Raising Ruby Covers

This is my latest book. As you can see, its title is Raising Ruby. The little girl on the front cover is my mother, Ruby Ellen Scott when she was about 8 years old. On the back cover is a photo from about 1938 when she was working at the Paris Coffee Shop in Fort Worth, Texas.

From the earliest years, I can remember my mother told me stories about her childhood and her life growing up. I heard the stories multiple times, and I heard discussions between my mother and her friends about some of the stories. Kids might not pay attention all the time to the stories the adults around them tell, but eventually the brain of said kid will mark out a place for “stories my mother told me.” I suppose that is one big reason for the book.

The other reason has to do with history. The older I get, the more I’m intrigued. History happens every day, although many people don’t seem to understand that. As I studied history in school, and then later on when I became interested in books about history, I realized all of us are born, raised, and live our own history. I became fascinated by the history my mother and her parents and grandparents lived through. My mother’s maternal grandparents were born in 1870. Her mother was born in 1896, and she was born in 1919. There’s a lot of history going down during all those years. I thought it might be intriguing to attach their history to the history we’ve all studied at one time or another.

Many folks born after the year 2000 are now considered “adults” and the lives they’ve lived are very remote from the time in which my mother, her mother, and her mother’s mother lived. I believe it helps younger people understand their elders better when they know something about the times in which they grew and developed. Some day, say in about 2040, huge new groups of “young adults” will look back at the stodgy old ways their parents (born in the year 2000) lived their lives. Won’t that be a hoot?

Or maybe— just maybe— they will begin to understand that they are destined to become the relics their parents were, and time marches on.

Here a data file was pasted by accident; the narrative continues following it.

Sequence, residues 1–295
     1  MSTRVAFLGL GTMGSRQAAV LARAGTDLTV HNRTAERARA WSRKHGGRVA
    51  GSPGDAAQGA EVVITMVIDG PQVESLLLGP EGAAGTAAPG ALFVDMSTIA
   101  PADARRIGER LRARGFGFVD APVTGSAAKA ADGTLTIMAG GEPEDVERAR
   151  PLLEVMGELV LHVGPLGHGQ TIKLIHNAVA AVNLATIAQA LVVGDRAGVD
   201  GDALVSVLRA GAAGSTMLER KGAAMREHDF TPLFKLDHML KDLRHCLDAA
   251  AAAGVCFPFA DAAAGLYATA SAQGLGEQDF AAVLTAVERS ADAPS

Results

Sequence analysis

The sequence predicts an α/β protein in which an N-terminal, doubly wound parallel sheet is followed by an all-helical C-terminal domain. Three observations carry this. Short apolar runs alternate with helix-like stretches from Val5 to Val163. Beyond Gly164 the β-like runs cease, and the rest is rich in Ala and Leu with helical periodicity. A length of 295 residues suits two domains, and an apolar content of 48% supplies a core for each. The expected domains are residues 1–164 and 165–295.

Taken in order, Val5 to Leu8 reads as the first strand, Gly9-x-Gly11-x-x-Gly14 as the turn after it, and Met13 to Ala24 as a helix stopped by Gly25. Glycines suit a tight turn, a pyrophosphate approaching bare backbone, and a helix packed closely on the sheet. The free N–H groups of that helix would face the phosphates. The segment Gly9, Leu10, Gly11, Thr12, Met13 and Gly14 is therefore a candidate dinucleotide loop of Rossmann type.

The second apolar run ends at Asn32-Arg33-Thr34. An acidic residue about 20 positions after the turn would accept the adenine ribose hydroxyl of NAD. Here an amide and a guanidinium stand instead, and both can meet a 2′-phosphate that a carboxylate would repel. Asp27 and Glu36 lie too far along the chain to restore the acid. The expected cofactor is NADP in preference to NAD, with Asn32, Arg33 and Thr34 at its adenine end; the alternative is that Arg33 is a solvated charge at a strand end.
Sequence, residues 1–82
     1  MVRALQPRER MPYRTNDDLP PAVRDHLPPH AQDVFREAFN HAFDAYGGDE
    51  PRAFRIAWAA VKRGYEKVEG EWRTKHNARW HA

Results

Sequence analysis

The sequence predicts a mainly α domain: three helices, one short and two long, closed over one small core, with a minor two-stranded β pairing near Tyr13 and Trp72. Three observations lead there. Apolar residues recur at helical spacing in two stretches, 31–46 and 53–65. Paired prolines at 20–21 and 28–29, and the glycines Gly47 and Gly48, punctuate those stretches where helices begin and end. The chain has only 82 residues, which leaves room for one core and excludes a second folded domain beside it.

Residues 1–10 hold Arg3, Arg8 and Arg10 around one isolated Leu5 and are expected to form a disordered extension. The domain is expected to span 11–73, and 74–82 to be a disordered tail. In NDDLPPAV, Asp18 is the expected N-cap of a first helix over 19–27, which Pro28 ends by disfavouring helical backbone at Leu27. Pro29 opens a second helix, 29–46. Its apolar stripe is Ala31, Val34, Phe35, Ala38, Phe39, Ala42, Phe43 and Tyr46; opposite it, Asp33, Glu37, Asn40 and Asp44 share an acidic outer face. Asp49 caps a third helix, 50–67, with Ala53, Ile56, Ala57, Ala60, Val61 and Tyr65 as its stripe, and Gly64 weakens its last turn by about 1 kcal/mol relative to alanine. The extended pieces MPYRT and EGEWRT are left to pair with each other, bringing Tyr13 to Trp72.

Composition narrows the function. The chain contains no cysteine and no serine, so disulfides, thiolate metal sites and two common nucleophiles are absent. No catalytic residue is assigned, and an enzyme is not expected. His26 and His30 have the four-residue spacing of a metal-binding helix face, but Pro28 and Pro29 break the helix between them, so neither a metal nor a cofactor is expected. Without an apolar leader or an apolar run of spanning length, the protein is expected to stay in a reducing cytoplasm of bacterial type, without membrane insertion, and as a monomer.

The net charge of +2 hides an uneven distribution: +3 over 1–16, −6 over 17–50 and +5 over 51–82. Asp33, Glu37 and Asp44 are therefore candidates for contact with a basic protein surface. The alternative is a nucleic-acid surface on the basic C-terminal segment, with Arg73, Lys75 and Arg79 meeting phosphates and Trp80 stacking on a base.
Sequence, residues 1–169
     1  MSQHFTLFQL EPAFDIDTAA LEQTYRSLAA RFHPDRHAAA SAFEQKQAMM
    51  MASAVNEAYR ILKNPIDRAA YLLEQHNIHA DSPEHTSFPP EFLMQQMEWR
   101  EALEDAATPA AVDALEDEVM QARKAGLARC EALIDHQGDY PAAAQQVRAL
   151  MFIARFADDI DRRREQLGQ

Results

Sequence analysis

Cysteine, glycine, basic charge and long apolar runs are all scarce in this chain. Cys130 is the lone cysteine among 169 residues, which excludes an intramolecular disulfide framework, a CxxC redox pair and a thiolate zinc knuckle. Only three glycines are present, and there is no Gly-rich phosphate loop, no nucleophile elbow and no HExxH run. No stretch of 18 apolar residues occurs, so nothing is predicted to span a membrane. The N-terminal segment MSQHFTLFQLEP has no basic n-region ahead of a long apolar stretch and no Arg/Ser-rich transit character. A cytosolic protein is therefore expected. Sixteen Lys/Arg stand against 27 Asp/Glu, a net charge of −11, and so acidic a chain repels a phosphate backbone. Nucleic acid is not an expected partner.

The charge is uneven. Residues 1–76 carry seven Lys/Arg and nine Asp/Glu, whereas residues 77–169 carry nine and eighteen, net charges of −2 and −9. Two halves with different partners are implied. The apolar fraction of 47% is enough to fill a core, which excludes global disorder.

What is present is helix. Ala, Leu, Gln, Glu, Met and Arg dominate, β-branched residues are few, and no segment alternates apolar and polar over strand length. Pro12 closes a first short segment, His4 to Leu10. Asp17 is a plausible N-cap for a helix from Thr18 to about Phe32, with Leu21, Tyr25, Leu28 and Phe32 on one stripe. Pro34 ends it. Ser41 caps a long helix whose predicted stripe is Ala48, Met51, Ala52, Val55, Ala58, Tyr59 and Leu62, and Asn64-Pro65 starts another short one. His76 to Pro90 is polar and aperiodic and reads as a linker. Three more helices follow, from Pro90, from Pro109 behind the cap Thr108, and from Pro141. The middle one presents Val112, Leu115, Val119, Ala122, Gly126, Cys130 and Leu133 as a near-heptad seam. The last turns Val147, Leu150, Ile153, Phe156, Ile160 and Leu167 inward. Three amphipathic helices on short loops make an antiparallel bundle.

For an exclusive close-up look at my new book, check out Raisingruby.com where you can learn more about the amazing life and times of my mother, Ruby Ellen Scott Smith.

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Raising Ruby

This is my latest book. As you can see, its title is Raising Ruby. The little girl on the front cover is my mother, Ruby Ellen Scott when she was about 8 years old. On the back cover is a photo from about 1938 when she was working at the Paris Coffee Shop in Fort Worth, Texas.

The book is not (as yet) published and available, but it is at the publisher as I write this post. My fervent hope is to have the published book in my hands by the end of 2022. If you want to know more about the book, go on over to the website about it. It’s raisingruby.com and it has all the information there, including a family album of photos. This post lets interested readers know about the book, and why I wanted it published.

From the earliest years, I can remember my mother told me stories about her childhood and her life growing up. I heard the stories multiple times, and I heard discussions between my mother and her friends about some of the stories. Kids might not pay attention all the time to the stories the adults around them tell, but eventually the brain of said kid will mark out a place for “stories my mother told me.” I suppose that is one big reason for the book.

The other reason has to do with history. The older I get, the more I’m intrigued. History happens every day, although many people don’t seem to understand that. As I studied history in school, and then later on when I became interested in books about history, I realized all of us are born, raised, and live our own history. I became fascinated by the history my mother and her parents and grandparents lived through. My mother’s maternal grandparents were born in 1870. Her mother was born in 1896, and she was born in 1919. There’s a lot of history going down during all those years. I thought it might be intriguing to attach their history to the history we’ve all studied at one time or another.

Many folks born after the year 2000 are now considered “adults” and the lives they’ve lived are very remote from the time in which my mother, her mother, and her mother’s mother lived. I believe it helps younger people understand their elders better when they know something about the times in which they grew and developed. Some day, say in about 2040, huge new groups of “young adults” will look back at the stodgy old ways their parents (born in the year 2000) lived their lives. Won’t that be a hoot?

Or maybe— just maybe— they will begin to understand that they are destined to become the relics their parents were, and time marches on.

Leave a Comment

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